Worksheet No. 12: Questions to Ask a Bookkeeper

You’re officially in operation. You’ve found your first clients, sent out several invoices, and you’re eagerly awaiting your initial payments.

It’s time to get a bookkeeper on board. Here are 20 questions to ask potential bookkeepers so you know what services you’ll be receiving, and be certain you have someone you can work with.

Thanks to bookkeeper Christie Mascelli of Assured Business Services for helping with these! You can download and print this handy checklist and use it as a guide when you’re interviewing bookkeepers and accountants.

Download: 20 Questions to Ask a Bookkeeper or Accountant (right click on PC or CTRL click on Mac to save to your computer).

Download: 20 Questions to Ask a Bookkeeper or Accountant

Worksheet No. 11: Budgeting

If you want a profitable business, you need to do some financial planning — something Danielle admits she initially neglected.  “When I started my business, I never came up with an actual number in my head, and I never wrote one down. That was a mistake.”

She advises: “Write down your number. It might not be the right number, but you have to start somewhere.”

Aliza had a number, but she wasn’t thinking big enough, she says. Her business partner helped set her on the right track. “In the first quarter after she joined me, she tripled the company’s revenues,” Aliza says.

The following worksheet can help you figure out roughly how much it costs to run your household, how much your spouse or partner can contribute, and a general estimate of the amount of income your new business would need to generate for you to make a minimum contribution. Later, you’ll want to add business expenses to the picture to understand how much more you’ll have to make to cover those, as well.

Download: Budget worksheet (right click on PC or CTRL click on Mac to save to your computer).

Download: Budget worksheet

Worksheet No. 10: Brand-Building Questions

What’s in a brand?

Your brand is what people think of when they hear your name. It’s what makes your business stand out — and why people pay attention to you.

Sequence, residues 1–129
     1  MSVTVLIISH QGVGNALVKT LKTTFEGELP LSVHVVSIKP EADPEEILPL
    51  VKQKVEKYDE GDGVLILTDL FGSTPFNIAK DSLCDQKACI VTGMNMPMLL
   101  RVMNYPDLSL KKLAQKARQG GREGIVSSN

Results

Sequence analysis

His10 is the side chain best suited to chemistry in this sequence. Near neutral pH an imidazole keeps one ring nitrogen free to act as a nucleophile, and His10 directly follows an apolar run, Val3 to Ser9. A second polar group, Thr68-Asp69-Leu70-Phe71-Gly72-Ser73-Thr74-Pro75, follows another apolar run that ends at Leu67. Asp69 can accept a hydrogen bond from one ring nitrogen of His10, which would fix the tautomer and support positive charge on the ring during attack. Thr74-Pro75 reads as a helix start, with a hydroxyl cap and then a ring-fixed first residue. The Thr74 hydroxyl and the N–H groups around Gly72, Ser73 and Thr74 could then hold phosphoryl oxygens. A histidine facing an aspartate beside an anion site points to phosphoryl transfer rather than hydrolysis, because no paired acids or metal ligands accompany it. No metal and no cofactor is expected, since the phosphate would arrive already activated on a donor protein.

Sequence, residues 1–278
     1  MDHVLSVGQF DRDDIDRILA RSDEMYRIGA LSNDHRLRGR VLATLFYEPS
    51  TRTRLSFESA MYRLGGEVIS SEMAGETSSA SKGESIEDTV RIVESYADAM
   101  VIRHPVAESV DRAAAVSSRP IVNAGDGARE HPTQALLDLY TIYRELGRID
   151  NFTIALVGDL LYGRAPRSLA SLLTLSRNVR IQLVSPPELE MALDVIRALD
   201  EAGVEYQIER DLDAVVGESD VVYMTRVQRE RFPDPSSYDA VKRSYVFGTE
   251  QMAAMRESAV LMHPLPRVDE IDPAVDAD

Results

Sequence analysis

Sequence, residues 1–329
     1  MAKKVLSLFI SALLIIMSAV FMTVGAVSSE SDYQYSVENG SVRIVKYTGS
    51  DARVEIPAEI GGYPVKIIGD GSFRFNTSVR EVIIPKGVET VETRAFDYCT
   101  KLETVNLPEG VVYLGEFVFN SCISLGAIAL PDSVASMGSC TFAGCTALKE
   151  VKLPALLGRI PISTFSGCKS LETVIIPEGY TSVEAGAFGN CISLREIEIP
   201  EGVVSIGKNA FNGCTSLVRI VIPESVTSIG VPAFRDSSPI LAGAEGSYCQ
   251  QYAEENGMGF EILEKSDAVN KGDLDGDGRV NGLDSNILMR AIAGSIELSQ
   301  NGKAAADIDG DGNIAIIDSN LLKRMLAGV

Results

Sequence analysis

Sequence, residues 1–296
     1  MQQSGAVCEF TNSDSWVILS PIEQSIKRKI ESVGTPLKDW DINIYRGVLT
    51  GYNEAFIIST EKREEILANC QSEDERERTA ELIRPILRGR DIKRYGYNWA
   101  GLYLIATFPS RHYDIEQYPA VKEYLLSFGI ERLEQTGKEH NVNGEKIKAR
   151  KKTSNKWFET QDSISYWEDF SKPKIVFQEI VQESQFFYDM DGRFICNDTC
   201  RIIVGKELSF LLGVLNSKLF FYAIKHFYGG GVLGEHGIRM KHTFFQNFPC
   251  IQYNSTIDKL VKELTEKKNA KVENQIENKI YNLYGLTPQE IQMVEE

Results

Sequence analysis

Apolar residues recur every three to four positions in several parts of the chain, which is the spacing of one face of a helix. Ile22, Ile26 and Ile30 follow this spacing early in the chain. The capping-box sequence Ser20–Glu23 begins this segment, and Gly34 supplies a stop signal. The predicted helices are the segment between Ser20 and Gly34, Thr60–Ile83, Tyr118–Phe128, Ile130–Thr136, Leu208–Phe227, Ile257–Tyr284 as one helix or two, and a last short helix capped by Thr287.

Your brand is also the values that define you. Who are you — and what do you stand for? Danielle wants to spread “goodness.” Aliza is known for her work empowering women through technology.

The following chart presents a list of questions to set you on your brand-building path. If you don’t want to mark up the book, you can download the chart.

Download: Brand-Building Questions (right click on PC or CTRL click on Mac to save to your computer).

Download: Brand-Building Questions.

Worksheet No. 9: Office Space and Family Conversation Cheat Sheets

Of course, there are practical considerations when setting up a work-from-home business. The following charts offer some tips to ease the transition from mother and wife to mother, wife and business owner.

  1. You’ll need suitable space to work.
  2. Even if that space is small, there are ways to make it a productive workspace.
  3. You’ll want to set some rules for you and your family to follow. You have to respect family time, and the family has to respect your work time. Have this conversation with the whole family; you can’t set the rules unilaterally.
  4. If you’re working with a virtual assistant, make sure you set up a system that works for both of you. Discuss deadlines, preferred methods of communication and hours the assistant should be available.

If you don’t want to mark up the book, you can download the charts below.

Download: Cheat Sheets (right click on PC or CTRL click on Mac to save to your computer).

Download: Cheat Sheets (right click on PC or CTRL click on Mac to save to your computer).

Worksheet 8: Permitting Options

Once you’ve worked out an action plan for your business, find out what business licenses or permits you’re required to obtain. The Small Business Administration’s searchable database covers federal, state and local permits, licenses and registrations you might need to do business in your area. These are determined by your location (i.e., the city you live in) and by the business activity you engage in.

The following chart lists the permits you might need, and where you can get them. If you don’t want to mark up the book, you can download the chart.

Download: At a Glance Grid: Permitting Options (right click on PC or CTRL click on Mac to save to your computer).

Download: At a Glance Grid: Permitting Options

Download: At a Glance Grid: Permitting Options